Saturday, July 28, 2007

RAW WWW 2.0 Smackdown: David vs. David

Who needs Goliath? David is taking on David, and they are both giants. Everybody involved in this discussion is going out of their way to be polite and respectful to David Warlick and David Thornburg.

To me, it's a slam dunk, it's a pin in less than 30 seconds.


The semantics of "exactly what IS web 2.0" (gag me) aside, Warlick has made the leap to a qualitatively different way of viewing education in the 21st century. Interesting that Thornburg, in his initial comment, made a typo there.

It is a fascinating conversation that needs to be read and followed. It is being gone over again in another post by Warlick. His post is great, but most will be drawn to the comments - as in the one that started it all. Add the posts to your aggregator. Note the action is all on Warlick's blog.

I mentioned making a leap. That is exactly what those standing stoutly behind Warlick have made. And that is what the Thornburg proponents have not made.

A leap.

Of faith.

That many have made and are raving about.

Where I teach, 99% of the educators have not made that leap. The gap between those who have leapt and those who cling to the cliff of 19th and 20th century education widens every day. There are some still sitting on the fence, but many big name folks I started out admiring back in the early nineties when I blazed a few edtech trails have, sadly, stayed put.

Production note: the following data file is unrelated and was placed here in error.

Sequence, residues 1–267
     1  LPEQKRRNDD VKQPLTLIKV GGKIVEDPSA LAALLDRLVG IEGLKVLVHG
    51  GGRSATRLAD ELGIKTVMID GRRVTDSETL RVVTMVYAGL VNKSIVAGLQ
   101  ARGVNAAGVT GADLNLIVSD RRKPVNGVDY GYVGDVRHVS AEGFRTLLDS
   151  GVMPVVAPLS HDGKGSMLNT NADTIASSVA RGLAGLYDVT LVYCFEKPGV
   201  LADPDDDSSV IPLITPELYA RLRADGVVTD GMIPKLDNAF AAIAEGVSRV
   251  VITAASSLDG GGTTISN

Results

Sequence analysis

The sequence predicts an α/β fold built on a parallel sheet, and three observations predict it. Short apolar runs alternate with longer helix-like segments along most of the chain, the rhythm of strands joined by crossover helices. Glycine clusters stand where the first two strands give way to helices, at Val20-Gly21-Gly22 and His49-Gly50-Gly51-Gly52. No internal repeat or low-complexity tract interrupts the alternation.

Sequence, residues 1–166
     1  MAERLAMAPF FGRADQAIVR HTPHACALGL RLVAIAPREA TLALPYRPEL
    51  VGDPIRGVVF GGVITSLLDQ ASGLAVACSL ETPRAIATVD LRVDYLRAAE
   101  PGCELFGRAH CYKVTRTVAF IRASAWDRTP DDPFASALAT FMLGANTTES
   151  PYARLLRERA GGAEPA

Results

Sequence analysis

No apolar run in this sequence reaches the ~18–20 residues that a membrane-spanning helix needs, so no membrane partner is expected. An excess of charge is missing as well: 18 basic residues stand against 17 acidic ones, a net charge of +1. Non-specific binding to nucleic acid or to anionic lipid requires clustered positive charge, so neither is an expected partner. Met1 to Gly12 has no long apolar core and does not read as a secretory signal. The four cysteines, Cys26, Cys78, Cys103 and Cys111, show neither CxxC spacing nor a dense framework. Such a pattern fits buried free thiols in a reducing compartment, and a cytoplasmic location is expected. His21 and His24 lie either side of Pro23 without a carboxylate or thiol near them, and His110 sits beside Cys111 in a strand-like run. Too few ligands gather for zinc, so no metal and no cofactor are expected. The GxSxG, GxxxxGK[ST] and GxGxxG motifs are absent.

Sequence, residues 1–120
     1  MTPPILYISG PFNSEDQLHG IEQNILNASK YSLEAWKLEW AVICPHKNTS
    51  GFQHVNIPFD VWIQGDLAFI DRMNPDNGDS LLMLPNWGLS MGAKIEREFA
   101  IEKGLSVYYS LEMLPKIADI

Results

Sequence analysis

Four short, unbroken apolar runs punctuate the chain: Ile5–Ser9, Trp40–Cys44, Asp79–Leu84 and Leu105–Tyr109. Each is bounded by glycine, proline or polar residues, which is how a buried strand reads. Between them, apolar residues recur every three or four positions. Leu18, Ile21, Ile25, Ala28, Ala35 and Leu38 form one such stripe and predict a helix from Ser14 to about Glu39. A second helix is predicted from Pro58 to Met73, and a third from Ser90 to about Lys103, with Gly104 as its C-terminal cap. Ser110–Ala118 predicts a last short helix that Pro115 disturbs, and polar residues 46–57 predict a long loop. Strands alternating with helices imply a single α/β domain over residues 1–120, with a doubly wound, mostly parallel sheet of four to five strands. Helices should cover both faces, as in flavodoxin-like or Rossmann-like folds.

For those who look back, it's a little sad and depressing. But those moving on will not look back for long, because they might miss a key, an important road sign, or a beacon to light the the way to a new path for education.


Anonymous said...


Thanks for posting this and aiming me over to that other discussion. Very interesting.

Why do you think that you are still one of very few teachers who is actually using this stuff (Web 2.0 or whatever you want to call it)? I know that testing has a huge effect, but I am wondering what other barriers you are seeing.


Mark Ahlness said...

Janice, about why so few teachers are using web 2.0 stuff...

I don't see it as a problem with barriers anymore (trying to readjust my thinking to a more positive approach), but I see it as a problem with incentives - or motivation.

What is it about the folks who have jumped into web 2.0 and beyond (Second Life, for instance) with both feet? Why did they do it?

I think we need to start looking there for some answers. - Mark